Common name: Gumwood

Scientific name: Commidendrum robustum

IUCN status: Endangered



Natural History

Gumwood woodland once stretched across one third of the Island, along the mid-altitude zone from 400-600m. This woodland was quickly reduced in size due at first to goats and later collection for firewood, timber and continued grazing of stock. Today almost all of the gumwood woods have been destroyed. Examples where gumwoods once grew are: Deadwood, Bottom Woods, Longwood, Woody Ridge, Gumwoods, Levelwood, Woodlands, Peak Dale, Thompson’s Wood and Half Tree Hollow.

The only example of gumwood woods now left on the Island is that at Peak Dale, between Peak Dale Cottage and Old Luffkins. Smaller scattered populations of gumwoods can also be found at Deep Valley, Rock Rose, Longwood, Thompson’s Wood and Marias. Most are found growing close to or actually growing out of the cliffs. Surviving extinction because of the awkward position in which they grow.

In 1977 the gumwood was adopted as St Helena’s National Tree. In 1991 the Peak Dale gumwoods were attacked by the Jacaranda bug (Orthezia insignis). The Jacaranda bug which looks a little like a whitefly is a sucking insect that takes the sap from the tree. A black sooty mould covers the branches attracted by the honey dew produced by the Jacaranda bugs. The whole population at Peak Dale looked likely to be lost as the jacaranda swept through the population killing hundreds of trees. Fortunately for the gumwood and for St Helena, a biological control agent, a ladybird (Hyperaspis pantherina) introduced from Kenya brought the infestation under control. Although the Island will never be free of the Jacaranda bug it will at least be kept from causing such widespread damage as it did between 1991 and 1994.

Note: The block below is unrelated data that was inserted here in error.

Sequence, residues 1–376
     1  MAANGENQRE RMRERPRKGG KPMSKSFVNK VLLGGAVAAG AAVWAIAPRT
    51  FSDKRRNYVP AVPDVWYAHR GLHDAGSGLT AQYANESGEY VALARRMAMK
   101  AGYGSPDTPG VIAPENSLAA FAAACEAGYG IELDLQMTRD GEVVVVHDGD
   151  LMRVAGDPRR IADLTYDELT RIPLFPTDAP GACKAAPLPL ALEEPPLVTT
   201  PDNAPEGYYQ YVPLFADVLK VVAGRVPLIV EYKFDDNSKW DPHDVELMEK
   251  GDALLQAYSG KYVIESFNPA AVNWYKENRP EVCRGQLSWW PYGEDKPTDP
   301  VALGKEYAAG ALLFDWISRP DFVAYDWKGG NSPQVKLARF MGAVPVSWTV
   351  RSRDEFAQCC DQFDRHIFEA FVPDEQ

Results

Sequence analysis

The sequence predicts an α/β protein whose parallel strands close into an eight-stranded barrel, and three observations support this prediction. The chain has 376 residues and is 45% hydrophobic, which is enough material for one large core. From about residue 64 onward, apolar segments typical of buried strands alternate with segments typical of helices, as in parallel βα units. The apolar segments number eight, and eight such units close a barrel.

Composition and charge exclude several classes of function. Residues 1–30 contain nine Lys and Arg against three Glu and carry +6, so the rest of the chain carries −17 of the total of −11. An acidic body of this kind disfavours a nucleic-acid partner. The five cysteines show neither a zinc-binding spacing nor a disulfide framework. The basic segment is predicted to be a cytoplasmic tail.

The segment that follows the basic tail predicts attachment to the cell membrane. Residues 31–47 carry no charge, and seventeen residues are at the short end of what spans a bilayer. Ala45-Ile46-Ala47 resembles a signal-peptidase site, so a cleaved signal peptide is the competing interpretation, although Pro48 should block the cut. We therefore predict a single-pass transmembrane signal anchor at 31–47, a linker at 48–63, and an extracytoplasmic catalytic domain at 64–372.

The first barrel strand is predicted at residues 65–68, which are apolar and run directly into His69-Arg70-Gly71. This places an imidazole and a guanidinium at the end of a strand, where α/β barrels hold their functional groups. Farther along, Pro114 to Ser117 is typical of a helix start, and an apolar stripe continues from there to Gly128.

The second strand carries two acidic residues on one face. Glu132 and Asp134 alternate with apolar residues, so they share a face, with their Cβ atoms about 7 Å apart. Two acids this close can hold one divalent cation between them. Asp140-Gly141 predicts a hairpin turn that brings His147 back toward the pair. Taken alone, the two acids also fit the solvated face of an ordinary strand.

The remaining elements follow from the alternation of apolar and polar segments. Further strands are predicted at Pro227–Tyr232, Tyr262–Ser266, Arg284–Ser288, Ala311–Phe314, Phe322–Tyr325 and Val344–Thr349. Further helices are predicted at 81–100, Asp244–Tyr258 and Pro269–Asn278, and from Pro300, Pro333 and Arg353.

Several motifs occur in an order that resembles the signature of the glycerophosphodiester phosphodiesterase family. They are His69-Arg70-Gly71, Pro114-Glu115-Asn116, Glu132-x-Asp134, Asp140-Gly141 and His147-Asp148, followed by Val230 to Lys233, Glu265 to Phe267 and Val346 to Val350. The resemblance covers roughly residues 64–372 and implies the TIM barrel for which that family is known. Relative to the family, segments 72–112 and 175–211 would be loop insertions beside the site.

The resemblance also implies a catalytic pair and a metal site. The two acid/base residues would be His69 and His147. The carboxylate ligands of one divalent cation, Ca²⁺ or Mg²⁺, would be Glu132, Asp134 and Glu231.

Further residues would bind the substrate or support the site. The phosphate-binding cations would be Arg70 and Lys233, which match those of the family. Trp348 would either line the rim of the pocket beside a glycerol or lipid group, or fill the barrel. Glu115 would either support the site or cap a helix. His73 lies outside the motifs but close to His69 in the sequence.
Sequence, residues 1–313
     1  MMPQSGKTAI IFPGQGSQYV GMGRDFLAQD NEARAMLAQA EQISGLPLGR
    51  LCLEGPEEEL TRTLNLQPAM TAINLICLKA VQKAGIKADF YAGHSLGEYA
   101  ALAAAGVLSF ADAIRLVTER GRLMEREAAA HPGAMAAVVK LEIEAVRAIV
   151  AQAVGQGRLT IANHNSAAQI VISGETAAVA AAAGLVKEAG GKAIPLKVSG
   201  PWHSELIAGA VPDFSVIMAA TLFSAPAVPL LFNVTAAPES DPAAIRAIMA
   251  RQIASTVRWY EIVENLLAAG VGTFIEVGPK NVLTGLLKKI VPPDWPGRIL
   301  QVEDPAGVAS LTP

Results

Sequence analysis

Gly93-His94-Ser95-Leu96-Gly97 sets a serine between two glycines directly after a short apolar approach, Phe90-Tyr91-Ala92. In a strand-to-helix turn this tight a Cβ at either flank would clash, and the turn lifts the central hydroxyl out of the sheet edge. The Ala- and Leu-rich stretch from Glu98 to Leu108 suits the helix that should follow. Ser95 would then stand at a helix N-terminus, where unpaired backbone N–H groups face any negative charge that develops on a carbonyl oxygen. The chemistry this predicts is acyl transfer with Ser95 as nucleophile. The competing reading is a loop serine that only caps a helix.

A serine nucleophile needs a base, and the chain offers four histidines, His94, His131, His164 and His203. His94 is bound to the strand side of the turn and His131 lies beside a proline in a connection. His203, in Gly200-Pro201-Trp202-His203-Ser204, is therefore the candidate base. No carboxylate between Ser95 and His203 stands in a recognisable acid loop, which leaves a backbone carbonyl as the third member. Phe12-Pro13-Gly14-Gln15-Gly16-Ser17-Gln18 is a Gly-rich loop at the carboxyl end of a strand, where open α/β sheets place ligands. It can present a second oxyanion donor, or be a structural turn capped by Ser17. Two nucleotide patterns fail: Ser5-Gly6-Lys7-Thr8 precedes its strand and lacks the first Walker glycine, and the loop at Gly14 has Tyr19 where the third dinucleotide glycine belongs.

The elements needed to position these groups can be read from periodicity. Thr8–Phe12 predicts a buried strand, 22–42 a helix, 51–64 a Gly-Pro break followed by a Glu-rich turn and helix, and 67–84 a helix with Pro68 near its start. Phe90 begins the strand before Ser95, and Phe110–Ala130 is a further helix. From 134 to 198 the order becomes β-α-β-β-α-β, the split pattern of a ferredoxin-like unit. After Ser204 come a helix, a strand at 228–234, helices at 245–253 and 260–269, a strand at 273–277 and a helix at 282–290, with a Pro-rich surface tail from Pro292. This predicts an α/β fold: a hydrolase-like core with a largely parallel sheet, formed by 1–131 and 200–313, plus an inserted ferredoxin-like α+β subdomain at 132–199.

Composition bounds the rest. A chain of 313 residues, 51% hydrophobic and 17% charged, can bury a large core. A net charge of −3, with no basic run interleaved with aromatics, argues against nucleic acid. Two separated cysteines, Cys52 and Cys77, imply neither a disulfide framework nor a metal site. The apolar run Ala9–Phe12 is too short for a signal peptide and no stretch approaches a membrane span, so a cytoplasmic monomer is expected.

Gumwoods grow to a height of about 8 metres. They have a highly branching structure, forking low and producing an umbrella like canopy. The leaves are between 7 and 10 cm long and varyf rom grey green to dark green. They are thick and hairy giving a wrinkled impression and are borne in tight whorls. Flower heads droop down from the ends of the branches and are white. They are usually borne in the winter and spring months. Seeds germinate freely to produce a carpet of seedlings under the canopy of the parent plants. However since the attack of the Jacaranda bug in 1991 few seedlings have survived in the wild.

Unpublished work by Quentin Cronk suggestes that the Peak Dale gumwoods are a relatively recent hybrid population. The variation between the trees in leaf form and colour is clear to see. Seedlings from Peak Dale have been used in all the plantings across the Island. It is likey that the trees at Deep Valley and Longwood are different from the Peak Dale trees.


The only gumwood wood left is that at Peak Dale. Here over 500 trees are growing on the steep slopes covering an area of about 3 hectares. Other wild surviving populations are at: Marias, towards Fairyland where two small populations of 7 and 12 individuals survive; Deep Valley where 21 trees are growing close to or on cliffs above the valley; Rock Rose where 7 trees grow on a cliff surrounded by buddleia, and ginger; a single tree still survives at Thompson’s Wood and up to 3 at Devils Hole. Perhaps the most easily recognised gumwoods are those at Longwood, where four trees are growing along the strip of land between the golf course or Piccolo and Bilberry Field. Although these are some of the oldest gumwoods to be found on the Island these were probably planted.


There has been a long running gumwood replanting programme on Horse Point Plain. This planting was started in 1988 by Norman Williams and developed by George Benjamin. It has been remarkable in its success with hundreds of gumwoods now successfully established. Remarkable considering the harsh nature of the environment: dry and windswept. Gumwoods have also been established behind High Peak, at Pounceys, along the Golf course and in the grounds of many of the Island’s first and middle schools.

Recently attention has returned to the wild populations which have either been attacked by the Jacaranda bug or heavily invaded with alien plant species such as flax, ink, bilberry, black olive or both. Clearance of weeds at three sites has now been completed and replanting of gumwoods to restock these ailing populations is underway. Seed has been collected across all the different populations over the last year. Seedlings are growing in the nursery ready to be planted back in the different sites.